McIlroy tries to put the devastating defeat at the US Open behind him | Sport

McIlroy tries to put the devastating defeat at the US Open behind him | Sport

NORTH BERWICK, Scotland (AP) — Rory McIlroy returned to his own little world a few days late.

Immediately after a U.S. Open blowout – missing two putts from three feet – he made a previously planned trip to Manhattan. McIlroy said he walked the High Line a few times, standing out in the crowds of America’s busiest city.

“A few days alone with my thoughts, that was good,” McIlroy said Wednesday at the Genesis Scottish Open, his first return since a devastating loss at Pinehurst No. 2. “It was tough, but at the same time it got easier with each passing day to focus on the positive and then think about the future instead of what just happened.”

What happened is hard to forget.

McIlroy missed a par putt from 30 inches on the 16th hole in the final round. And then he missed a downhill slider from just under 4 feet on the 18th hole, paving the way for Bryson DeChambeau to win another U.S. Open and extending McIlroy’s decade without a major victory.

He put it down to losing concentration over the last hour and becoming aware of what was happening around him, particularly with DeChambeau. Even as McIlroy stood over a difficult putt on the 18th hole, he wondered if DeChambeau could make par from the left rough behind him. McIlroy said he hit the putt too softly to prevent it from flying 10 feet past.

“So it took me out of my own little world a little bit,” McIlroy said.

He said he had learned his lesson and was now back to work. McIlroy is the defending champion at the Scottish Open, where last year he hit a 2-iron from 180 yards in heavy winds for a short birdie and to beat Scotland’s Robert MacIntyre.

And next week is the final major of the year, the British Open at Royal Troon. McIlroy said he sees it as nothing more than another opportunity to win his first major in 10 years, not a chance for redemption.

The US Open stung, even though he insists he has seen tougher times. He cried in a golf cart after missing a great opportunity at St Andrews when he couldn’t make a winning putt and Cameron Smith needed 64 strokes to win at the home of golf.

He also pointed to the 2011 Masters, when he lost a four-stroke lead with a final-round 80. That stings over time, because it’s the only major McIlroy hasn’t won yet.

“It was one of the worst defeats, but not the worst,” he said.

McIlroy said he had no regrets about his quick exit after DeChambeau’s remarkable 50-yard bunker shot set up a 4-foot par putt for the win on the 18th hole. McIlroy refused to speak to the media, heading straight to his car, tires spewing gravel as he left Pinehurst as quickly as he could.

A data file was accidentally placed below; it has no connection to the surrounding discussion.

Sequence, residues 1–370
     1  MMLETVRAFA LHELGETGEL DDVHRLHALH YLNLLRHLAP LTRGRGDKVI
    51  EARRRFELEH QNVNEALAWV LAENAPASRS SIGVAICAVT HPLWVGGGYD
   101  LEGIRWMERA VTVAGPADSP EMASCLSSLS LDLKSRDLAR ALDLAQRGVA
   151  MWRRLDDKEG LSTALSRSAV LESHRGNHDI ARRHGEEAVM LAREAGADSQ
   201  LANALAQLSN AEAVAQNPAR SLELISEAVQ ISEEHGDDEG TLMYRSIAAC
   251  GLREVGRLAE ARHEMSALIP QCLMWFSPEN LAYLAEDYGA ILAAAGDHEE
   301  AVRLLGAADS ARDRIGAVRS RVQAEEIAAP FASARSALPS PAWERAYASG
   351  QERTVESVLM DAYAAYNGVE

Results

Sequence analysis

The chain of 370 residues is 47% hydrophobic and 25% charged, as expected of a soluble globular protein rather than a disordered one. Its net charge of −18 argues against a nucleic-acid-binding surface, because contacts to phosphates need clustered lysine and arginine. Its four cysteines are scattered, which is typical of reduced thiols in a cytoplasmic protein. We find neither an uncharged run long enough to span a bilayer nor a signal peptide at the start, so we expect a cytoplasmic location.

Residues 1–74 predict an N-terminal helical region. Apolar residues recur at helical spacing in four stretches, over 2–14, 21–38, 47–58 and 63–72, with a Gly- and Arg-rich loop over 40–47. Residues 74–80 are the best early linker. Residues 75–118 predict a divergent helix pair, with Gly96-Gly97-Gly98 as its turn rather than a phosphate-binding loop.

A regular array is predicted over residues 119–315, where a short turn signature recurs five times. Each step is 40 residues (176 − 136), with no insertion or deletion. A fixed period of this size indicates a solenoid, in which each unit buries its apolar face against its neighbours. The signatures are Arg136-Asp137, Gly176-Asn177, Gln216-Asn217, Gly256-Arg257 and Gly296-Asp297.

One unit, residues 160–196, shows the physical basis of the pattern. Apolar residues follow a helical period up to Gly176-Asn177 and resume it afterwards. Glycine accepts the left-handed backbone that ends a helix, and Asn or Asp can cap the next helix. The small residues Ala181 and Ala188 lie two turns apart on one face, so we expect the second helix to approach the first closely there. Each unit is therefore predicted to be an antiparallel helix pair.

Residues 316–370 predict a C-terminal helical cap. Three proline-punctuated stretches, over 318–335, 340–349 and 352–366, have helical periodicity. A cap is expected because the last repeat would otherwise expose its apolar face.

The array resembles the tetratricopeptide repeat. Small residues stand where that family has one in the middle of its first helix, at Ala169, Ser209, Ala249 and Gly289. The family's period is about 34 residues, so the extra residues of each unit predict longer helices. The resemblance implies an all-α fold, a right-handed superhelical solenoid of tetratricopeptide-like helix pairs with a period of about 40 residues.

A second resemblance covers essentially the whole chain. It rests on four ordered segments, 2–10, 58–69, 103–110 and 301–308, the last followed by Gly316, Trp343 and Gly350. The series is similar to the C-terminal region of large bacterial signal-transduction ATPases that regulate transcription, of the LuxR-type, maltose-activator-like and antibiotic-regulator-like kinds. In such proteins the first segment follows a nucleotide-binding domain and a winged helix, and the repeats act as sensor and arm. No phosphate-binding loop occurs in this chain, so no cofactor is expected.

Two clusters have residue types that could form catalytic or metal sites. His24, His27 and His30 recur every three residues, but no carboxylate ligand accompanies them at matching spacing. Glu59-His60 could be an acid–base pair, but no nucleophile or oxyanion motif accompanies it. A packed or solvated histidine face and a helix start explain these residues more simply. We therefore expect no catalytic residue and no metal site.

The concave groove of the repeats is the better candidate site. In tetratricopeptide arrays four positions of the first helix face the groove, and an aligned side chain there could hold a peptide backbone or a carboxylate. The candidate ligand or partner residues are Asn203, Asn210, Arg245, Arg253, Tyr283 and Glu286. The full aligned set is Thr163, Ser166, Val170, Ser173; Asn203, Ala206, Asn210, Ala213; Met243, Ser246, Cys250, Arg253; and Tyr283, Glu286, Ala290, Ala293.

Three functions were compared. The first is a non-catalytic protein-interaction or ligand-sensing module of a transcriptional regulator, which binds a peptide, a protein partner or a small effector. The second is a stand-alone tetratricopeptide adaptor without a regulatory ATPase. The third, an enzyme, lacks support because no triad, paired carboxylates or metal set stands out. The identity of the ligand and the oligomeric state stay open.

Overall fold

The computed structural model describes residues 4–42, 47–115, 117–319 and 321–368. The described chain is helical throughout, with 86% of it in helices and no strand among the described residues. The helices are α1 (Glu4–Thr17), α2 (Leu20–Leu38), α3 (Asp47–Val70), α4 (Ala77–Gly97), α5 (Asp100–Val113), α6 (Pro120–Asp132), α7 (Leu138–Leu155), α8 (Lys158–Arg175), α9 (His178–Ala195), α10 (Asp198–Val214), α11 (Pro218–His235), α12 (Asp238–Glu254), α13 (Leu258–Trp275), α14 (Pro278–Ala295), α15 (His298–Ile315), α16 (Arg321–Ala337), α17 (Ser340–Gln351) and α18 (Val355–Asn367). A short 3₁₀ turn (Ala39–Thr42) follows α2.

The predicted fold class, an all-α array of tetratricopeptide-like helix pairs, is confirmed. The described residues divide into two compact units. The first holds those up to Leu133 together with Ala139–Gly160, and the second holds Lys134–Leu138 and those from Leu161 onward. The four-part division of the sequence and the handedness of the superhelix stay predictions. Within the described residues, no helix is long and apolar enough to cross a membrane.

“There’s nothing I could have said. It would have been good because you could have written something about it or had some quotes from me,” McIlroy said. “No offense. You were the least of my worries.”

McIlroy described the final round of the US Open as “a great day until it wasn’t.”

The oddest part was when he said the ball started to come loose – a 30-inch putt on the 16th hole. That was much more routine than the putt on the 18th hole, where he said he had to aim a few holes to the left because it broke so sharply and had the potential to speed past the hole.

“When you’re standing there, it’s hard not to think about the future or notice before Bryson’s ball is on the fairway or something like that,” he said. “But again, it’s on me to make sure I’m in the right frame of mind.”

McIlroy said it wasn’t a bad putt, but he missed at a bad time. It cost him a stroke’s lead and the final bogey – and DeChambeau’s great par save – decided the match.

There’s one part of the story McIlroy would like to revive – his ability to bounce back. Two months after blowing his big lead at the Masters in 2011, he won his first major at the U.S. Open.

He has two weeks in Scotland to try and put Pinehurst behind him, with far more attention in the second week at Royal Troon. In a month’s time he will be competing for the gold medal at the Olympics.

For McIlroy, the goal is to move on.

“When I look back on this day, like I look back on some of the toughest moments of my career, I’ll learn a lot from it and hopefully put it to good use,” he said. “It’s a pattern that’s been throughout my career. I’ve been able to take those tough moments and turn them into great things not long after.”

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